Let’s explore one strategy that is known to be very effective, a simple budgeting technique that will help you pay your bills, work towards your financial goals, and even splurge a little.

The 50/30/20 Rule

This is a very simple yet powerful budgeting technique that you could use to ensure that all the money coming into your bank account is being utilised to its fullest potential.

Let’s break it down:

50% of your money should go towards your ‘needs’. These needs are the things you absolutely need in order to continue living your day-to-day life.

Shelter (rent, mortgage etc.)
Food (groceries etc.)
Water
Utilities (electricity, hot water, gas etc.)
Transportation (gasoline, monthly or daily bus/train fare)
Childcare
30% of your money should go towards your ‘wants’, things that will affect your happiness if you don’t do them but don’t necessarily need in order to survive.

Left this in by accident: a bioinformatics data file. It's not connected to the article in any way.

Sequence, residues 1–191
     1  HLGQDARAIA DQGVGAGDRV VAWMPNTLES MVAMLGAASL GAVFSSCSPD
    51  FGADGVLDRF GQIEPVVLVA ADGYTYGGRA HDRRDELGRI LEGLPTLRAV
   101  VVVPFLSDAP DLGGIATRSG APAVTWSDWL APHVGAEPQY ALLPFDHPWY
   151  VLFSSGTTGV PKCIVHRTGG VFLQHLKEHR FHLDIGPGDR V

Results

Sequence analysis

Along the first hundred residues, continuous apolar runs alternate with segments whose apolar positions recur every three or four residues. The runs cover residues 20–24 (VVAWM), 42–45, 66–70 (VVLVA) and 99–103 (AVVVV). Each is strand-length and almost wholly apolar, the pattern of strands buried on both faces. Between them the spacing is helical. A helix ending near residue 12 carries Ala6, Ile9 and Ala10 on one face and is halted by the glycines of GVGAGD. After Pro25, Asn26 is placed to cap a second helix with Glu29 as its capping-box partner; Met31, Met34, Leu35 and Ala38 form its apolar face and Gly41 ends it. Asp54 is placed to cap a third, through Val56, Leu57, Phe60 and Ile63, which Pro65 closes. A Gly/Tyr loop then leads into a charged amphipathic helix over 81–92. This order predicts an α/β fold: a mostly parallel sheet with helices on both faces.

Travel
Restaurants
Movies
Luxury Products
Shopping
20% of your money should go towards serving your financial goals and in case of emergencies that may come up in your life.

Investing
Retirement Fund
Emergency Fund
Cash Savings
Debt Reduction
This technique isn’t hard to follow, and you don’t need to adhere to these percentages to the dot. We all know life can be unpredictable at times, and so these percentages should mainly be used as guidelines with some modifications applied to better suit your personal situation.

Remove any unnecessary expenses

If you ask anyone how much their last months expenses were, they probably wouldn’t be able to tell you. The reason as to why it is important to understand your expenses is because it gives you a wide view of your spending habits. The point is to identify if those purchases were even necessary.